It would be nice to see up close to put on mascara, and pluck some of those wayward eyebrow hairs, without trying to see around the lenses of those "readers" glasses!  

So, right eye with an IOL for distance, and left eye for a contact lens, then down the road, left eye for an intermediate IOL to give me mini-mono vision... does this sound right or do I have things backwards?

Thanks for any input!!!!  Happy weekend!!!!
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Avatar_f_tn
I'm really flattered that you're addressing your questions to me, but I'm not an eye care professional.  I don't believe that eye dominance changes (but verify this with your optometrist/ophthalmologist.)  If your optometrist thinks that you're right eye is dominant, s/he's probably correct.  You could get your surgeon to reconfirm this.  With mini-monovision, the dominant eye is corrected for distance, the non-dominant eye for intermediate vision.  (When I did monovision with contacts I could use either eye for distance vision, but I don't know whether this is unusual.)  I think that trying out mini-monovision with a contact in your left eye is a wonderful idea.  I predict that you will be very pleased with your cataract surgery results.  By the way, magnifying mirrors are great for applying mascara.  They used to be fairly expensive but are now widely available at reasonable prices.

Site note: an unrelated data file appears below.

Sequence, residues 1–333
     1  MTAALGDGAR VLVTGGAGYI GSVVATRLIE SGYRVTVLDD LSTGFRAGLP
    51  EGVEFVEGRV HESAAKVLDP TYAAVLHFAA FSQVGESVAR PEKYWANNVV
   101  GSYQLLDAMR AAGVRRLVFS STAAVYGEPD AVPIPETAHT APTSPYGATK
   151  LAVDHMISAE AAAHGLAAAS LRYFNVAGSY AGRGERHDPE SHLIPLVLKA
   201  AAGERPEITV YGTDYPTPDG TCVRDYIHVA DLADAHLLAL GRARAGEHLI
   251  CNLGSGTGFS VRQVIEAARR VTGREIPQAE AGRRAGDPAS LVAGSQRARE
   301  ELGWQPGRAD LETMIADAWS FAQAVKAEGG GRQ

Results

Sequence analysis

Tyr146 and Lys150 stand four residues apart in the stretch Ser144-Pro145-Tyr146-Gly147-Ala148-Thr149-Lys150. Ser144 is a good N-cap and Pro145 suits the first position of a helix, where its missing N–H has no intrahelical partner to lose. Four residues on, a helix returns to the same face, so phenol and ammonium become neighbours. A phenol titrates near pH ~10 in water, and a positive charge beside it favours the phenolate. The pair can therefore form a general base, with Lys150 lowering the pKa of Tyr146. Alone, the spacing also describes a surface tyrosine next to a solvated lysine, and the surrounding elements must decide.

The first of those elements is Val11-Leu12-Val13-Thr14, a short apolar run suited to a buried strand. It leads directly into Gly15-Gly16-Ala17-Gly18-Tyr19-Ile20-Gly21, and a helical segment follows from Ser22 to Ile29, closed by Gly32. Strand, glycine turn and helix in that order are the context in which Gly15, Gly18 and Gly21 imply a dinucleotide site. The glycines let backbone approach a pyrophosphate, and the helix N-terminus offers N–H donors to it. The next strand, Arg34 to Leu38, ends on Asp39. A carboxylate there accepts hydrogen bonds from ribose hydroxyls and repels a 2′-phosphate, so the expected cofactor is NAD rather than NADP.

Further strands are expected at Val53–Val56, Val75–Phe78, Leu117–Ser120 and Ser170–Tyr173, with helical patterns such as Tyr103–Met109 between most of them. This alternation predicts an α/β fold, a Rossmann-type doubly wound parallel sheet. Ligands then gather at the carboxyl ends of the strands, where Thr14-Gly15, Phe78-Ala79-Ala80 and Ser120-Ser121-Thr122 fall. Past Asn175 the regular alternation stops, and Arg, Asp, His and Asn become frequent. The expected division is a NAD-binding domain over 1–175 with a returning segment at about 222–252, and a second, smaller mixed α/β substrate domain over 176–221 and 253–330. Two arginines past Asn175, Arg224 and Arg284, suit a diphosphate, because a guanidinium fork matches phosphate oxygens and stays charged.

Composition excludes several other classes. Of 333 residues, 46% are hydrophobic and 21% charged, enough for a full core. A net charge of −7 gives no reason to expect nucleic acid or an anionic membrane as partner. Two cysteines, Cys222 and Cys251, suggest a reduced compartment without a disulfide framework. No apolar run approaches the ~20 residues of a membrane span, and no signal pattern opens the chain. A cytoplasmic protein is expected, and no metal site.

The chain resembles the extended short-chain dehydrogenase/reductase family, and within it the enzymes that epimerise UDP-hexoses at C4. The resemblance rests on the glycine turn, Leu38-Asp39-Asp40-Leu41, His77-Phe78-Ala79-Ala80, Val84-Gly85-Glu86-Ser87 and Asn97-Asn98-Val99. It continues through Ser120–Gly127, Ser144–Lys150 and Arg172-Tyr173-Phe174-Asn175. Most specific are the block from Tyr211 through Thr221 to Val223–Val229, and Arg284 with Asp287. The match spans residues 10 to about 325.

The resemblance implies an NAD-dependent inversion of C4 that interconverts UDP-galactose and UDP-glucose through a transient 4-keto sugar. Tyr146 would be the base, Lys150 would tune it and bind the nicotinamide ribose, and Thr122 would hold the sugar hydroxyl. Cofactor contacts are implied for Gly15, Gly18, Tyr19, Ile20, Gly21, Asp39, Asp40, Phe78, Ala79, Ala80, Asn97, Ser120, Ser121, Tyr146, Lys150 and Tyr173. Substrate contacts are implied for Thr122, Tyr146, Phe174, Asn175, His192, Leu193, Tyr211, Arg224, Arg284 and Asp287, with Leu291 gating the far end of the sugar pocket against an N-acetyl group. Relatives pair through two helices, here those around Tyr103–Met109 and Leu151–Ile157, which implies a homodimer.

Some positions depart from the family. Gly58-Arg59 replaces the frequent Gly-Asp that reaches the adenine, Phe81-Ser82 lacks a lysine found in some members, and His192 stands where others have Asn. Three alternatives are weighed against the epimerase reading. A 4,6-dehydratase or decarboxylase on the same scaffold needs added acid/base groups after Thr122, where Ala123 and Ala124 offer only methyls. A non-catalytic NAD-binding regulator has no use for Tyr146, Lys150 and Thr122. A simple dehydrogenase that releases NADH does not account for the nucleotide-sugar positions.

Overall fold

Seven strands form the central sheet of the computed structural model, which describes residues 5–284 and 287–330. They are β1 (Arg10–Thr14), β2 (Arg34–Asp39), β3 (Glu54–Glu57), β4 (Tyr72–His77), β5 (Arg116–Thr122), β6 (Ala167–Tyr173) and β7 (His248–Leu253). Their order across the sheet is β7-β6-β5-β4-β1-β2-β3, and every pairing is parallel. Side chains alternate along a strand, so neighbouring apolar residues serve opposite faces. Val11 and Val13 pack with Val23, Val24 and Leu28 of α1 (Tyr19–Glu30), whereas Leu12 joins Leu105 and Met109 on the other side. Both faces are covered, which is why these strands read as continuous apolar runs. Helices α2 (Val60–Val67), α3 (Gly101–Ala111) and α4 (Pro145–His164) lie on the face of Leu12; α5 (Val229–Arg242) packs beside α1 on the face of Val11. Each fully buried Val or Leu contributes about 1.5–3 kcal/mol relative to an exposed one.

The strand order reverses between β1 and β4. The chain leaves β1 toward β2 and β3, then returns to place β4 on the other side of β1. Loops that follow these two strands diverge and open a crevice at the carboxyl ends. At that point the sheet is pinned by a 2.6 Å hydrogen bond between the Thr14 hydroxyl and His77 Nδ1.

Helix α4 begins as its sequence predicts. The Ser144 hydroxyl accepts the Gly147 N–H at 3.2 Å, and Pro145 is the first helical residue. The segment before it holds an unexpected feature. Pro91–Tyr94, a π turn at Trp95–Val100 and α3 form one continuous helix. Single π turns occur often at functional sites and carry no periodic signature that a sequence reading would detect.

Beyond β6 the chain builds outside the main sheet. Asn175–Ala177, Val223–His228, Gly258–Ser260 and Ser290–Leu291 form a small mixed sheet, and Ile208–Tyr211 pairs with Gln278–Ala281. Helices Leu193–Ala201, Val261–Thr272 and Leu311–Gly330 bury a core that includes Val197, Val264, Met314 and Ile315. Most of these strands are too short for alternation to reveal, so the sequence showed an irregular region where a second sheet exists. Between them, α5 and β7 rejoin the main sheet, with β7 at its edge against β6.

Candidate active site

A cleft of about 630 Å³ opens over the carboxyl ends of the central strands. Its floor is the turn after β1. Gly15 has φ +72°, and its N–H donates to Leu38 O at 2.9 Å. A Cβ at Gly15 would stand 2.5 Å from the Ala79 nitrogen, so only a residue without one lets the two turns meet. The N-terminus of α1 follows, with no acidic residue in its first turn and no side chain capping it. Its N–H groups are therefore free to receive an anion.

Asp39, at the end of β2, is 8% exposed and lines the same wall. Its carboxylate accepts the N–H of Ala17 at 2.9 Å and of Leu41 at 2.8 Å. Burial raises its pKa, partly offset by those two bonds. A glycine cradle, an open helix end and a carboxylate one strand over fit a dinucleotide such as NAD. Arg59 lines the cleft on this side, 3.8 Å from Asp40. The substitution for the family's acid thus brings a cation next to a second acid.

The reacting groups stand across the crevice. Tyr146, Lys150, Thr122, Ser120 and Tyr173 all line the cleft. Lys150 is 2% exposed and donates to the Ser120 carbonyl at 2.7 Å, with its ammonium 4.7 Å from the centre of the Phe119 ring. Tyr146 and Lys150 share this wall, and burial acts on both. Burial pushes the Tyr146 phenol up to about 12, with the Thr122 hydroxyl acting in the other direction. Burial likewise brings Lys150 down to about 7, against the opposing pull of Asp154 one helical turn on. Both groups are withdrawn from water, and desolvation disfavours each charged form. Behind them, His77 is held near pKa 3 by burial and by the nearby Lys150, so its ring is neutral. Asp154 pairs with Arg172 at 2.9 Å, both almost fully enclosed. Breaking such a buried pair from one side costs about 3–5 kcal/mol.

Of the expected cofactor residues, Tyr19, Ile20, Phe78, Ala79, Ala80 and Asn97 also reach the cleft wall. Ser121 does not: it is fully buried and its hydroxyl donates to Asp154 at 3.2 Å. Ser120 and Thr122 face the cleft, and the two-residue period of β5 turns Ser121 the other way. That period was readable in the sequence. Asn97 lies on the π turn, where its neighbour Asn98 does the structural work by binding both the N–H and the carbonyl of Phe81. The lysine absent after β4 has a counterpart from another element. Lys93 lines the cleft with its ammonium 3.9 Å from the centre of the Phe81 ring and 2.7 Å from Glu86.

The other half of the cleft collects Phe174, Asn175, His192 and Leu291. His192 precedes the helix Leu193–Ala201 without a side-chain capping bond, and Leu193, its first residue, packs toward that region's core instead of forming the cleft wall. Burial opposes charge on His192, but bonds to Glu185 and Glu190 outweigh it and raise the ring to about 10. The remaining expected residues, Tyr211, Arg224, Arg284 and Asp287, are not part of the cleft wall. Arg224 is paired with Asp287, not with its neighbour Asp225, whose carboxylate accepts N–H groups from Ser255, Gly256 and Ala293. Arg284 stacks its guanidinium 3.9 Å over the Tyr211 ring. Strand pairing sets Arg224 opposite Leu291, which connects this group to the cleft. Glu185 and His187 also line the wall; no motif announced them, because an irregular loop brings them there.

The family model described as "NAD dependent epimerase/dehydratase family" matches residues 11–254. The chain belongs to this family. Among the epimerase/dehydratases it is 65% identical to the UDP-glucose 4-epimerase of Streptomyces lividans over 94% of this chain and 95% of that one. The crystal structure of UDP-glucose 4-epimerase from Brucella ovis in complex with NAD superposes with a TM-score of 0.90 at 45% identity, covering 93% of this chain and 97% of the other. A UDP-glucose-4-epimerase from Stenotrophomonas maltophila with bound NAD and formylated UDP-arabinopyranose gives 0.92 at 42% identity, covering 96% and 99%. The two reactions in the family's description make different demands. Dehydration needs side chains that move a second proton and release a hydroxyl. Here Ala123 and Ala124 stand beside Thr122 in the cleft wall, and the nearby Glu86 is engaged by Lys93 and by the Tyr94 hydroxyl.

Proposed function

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Avatar_f_tn
Hi JodieJ,

Even though you're not an eye care professional, your acumen is impressive, and your having experienced things first-hand--and your extensive research-- warrants my addressing questions to you--your ROCK, girl!  :O)

My optometrist said it is possible that eye dominance can change. Historically, my right eye used to have much better vision than my left.  

I just don't want to make a "mistake" and have the *wrong* IOL put in my cataract (right) eye and I've been perseverating about this, to be sure.  Both my cataract surgeon and my optometrist tell me I'm overthinking this  lolam.

Thanks again, JodieJ, for being there and for the suggestion of a magnifying mirror.  
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Avatar_m_tn
Can you please give us an update on what you decided with your IOL and how happy/unhappy you are with your decision?

I am facing the same decisions right now and am impressed with how you asked all the same questions that I am thinking.

Would love to hear your update.